After less than three months consideration, the IRS has issued its statement clarifying th etax treatment of Bitcoins (and other virtual currencies) before the April 15th Deadline. The finding, summarized, is that Vitual currencies will be treated as property (not as a currency) which, as WSJ notes, means an investor who buys bitcoin would typically have a capital gain or loss when it’s sold. The price of Bitcoin is rising modestly on this news...
Words matter, and the Fed’s words matter more than anyone’s. But this is the classic mistake that academic economists always make – the quasireligious belief in theory over practice, in the triumph of bloodless ideas over the market’s fang and claw. Woodford’s ideas are sweet music to the enormous egos of the academics who control the Fed: you can save the world just by stating your brilliant policy intentions. Your words will become self-fulfilling prophecies as the markets shape themselves in expectation of your mighty deeds. And so what do we get? Horror shows like Bernanke’s press conferences last summer or Yellen’s press conference last week. If the Fed was surprised by the rotten tomatoes thrown up on the stage last year, they ain’t seen nothing yet.
Last week we reported that while the West was busy alienating Russia in every diplomatic way possible, without of course exposing its crushing overreliance on Russian energy exports to keep European industries alive, Russia was just as busy cementing its ties with China, in this case courtesy of Europe's most important company, Gazprom, which is preparing to announce the completion of a "holy grail" natural gas supply deal to Beijing. We also noted the following: "And as if pushing Russia into the warm embrace of the world's most populous nation was not enough, there is also the second most populated country in the world, India." Today we learn just how prescient this particular comment also was, when Reuters reported that Rosneft, the world's top listed oil producer by output, may join forces with Indian state-run Oil and Natural Gas Corp to supply oil to India over the long term, the Russian state-controlled company said on Tuesday.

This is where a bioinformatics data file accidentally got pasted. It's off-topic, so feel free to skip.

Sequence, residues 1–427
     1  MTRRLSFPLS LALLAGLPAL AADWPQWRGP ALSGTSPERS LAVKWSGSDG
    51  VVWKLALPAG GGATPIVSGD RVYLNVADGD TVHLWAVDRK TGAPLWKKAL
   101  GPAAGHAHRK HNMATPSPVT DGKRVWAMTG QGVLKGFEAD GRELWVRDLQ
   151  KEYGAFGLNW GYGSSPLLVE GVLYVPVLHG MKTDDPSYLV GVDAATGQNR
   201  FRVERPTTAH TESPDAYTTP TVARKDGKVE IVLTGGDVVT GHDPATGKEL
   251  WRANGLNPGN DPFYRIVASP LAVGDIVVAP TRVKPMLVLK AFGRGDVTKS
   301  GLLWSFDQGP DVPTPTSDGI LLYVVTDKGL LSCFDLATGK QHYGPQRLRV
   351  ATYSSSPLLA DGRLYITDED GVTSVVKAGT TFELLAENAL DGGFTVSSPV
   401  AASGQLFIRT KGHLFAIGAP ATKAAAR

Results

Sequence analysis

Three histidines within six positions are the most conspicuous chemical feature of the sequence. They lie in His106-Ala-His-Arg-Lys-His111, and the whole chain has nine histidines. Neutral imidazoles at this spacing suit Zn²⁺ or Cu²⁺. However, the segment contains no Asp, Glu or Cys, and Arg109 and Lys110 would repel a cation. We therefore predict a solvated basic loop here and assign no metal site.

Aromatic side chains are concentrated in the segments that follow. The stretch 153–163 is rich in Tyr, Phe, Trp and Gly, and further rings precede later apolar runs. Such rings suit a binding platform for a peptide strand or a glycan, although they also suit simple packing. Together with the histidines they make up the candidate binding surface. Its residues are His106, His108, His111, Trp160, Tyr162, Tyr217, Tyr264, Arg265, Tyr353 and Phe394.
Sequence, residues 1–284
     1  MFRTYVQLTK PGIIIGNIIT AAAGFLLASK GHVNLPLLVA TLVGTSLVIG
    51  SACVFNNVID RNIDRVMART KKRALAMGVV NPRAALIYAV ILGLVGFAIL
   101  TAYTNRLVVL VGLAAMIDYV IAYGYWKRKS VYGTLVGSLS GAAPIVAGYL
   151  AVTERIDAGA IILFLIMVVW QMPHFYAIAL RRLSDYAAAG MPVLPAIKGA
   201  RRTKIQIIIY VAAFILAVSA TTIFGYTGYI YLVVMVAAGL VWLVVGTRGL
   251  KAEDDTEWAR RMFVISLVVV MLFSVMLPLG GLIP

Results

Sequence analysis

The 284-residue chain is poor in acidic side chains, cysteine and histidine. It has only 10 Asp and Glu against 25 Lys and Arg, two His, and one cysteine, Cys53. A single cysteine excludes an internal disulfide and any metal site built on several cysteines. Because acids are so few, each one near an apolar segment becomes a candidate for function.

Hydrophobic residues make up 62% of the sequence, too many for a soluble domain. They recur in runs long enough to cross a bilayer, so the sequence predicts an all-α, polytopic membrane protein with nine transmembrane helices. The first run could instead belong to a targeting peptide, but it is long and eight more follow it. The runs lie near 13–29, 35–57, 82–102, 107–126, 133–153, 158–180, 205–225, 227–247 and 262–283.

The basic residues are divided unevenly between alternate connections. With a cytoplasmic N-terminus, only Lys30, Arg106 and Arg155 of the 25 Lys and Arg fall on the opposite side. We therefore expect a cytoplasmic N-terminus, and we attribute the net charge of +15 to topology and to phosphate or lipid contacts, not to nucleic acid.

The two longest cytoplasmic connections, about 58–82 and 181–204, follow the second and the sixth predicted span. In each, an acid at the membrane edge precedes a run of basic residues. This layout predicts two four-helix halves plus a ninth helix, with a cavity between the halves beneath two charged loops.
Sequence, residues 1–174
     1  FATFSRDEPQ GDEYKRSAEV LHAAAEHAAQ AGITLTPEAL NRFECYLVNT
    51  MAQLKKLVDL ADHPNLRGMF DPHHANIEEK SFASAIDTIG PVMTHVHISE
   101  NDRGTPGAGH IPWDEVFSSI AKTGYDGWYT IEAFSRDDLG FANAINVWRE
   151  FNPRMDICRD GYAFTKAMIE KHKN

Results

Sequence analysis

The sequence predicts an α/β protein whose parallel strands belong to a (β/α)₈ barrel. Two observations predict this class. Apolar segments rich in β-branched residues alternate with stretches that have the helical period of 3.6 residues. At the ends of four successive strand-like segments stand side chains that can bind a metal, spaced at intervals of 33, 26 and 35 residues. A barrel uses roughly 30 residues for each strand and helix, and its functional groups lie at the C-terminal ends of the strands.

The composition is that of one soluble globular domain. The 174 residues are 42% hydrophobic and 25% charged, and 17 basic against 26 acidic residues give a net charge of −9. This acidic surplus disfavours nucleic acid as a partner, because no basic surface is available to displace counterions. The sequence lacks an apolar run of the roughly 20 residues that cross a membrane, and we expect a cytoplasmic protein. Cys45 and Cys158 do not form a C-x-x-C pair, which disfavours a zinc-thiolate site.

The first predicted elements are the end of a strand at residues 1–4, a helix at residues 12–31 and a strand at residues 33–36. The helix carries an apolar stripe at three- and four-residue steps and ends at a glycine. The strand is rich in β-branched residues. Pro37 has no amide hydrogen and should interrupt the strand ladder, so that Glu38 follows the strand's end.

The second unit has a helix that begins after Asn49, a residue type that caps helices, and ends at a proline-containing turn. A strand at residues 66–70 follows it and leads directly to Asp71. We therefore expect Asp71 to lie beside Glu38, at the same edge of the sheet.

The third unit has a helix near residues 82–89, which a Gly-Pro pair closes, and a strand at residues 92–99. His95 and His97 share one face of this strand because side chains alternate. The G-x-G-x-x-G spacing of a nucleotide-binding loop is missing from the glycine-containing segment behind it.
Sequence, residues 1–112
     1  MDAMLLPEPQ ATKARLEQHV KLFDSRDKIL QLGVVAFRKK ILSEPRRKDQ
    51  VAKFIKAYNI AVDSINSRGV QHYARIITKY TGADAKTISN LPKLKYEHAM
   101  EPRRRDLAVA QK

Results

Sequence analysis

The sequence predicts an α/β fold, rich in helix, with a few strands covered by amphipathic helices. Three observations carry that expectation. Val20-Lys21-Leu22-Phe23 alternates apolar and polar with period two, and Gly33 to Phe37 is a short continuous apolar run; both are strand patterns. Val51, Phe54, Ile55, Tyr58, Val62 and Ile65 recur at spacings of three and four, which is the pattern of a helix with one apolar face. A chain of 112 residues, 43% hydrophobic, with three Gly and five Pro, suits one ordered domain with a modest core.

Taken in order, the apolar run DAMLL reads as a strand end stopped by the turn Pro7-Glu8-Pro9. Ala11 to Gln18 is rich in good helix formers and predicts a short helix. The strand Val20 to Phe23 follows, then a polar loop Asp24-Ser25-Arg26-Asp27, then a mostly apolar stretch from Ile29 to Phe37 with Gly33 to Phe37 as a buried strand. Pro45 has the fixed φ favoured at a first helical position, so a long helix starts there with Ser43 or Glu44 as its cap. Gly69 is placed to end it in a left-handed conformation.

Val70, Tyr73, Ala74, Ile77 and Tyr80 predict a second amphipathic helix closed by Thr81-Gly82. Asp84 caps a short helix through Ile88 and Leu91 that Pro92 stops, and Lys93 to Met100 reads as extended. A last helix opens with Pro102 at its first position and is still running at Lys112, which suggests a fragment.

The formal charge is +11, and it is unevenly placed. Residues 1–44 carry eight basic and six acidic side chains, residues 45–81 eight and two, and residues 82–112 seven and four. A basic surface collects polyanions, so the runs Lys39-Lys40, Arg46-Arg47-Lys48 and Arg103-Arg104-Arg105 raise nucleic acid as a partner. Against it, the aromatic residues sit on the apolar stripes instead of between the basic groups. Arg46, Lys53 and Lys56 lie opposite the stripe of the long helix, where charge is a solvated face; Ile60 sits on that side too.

Moments ago the Treasury sold $32 billion in 2 year paper. Those who have been keeping track of the amazing bear flattening in rates in the past week will probably not be surprised by the result. Everyone else will surely like to know that it just cost the US the most to sell 2 year paper since May of 2011, which at a high yield of 0.469% was the highest yield since May of 2012, or before the great rotation out of stocks and into bond began. And thanks to the "dots" expect to see the yield on short-dated paper to continue rising, even as the long-end drops further in an epic flattening which is sure to crush bank Net Interest Margins. It also explains why nobody talks about it on CNBC any more: after all what is there to say?
The Nasdaq Biotech index is down 4% from earlier opening highs and is once again testing the 100-day-moving-average that provided some impetus for a modest bounce yesterday. This is a 10-week low level (-14% from Feb highs) and has retraced over 60% of the gains since the Fed announced the taper in December. Volume has been very heavy.
For some inane reason, about a year ago, there was a brief - and painfully boring - academic tussle between one group of clueless economists and another group of clueless economists, debating whether Too Big To Fail banks enjoy an implicit or explicit taxpayer subsidy, courtesy of their systematic importance (because apparently the fact that these banks only exist because they are too big in the first place must have been lost on both sets of clueless economists). Naturally, it goes without saying that the Fed, which as even Fisher now admits, has over the past five years, worked solely for the benefit of its banker owners and a few good billionaires, has done everything in its power to subsidize banks as much as possible, which is why this debate was so ridiculous it merited precisely zero electronic ink from anyone who is not a clueless economist. Today, the debate, for what it's worth, is finally over, when yet another set of clueless economists, those of the NY Fed itself, say clearly and on the record, that TBTF banks indeed do get a subsidy. To wit: " in fact, the very largest (top-five) nonbank firms also enjoy a funding advantage, but for very large banks it’s significantly larger, suggesting there’s a TBTF funding advantage that’s unique to mega-banks."
The structural incompetence of centralized, wrong-unit-size agencies and central banks is global: the centralized strategies of China, Japan, the European Union and yes, Russia, too, will all fail for the same reasons: organizations with a few limited controls are intrinsically incapable of managing complex systems.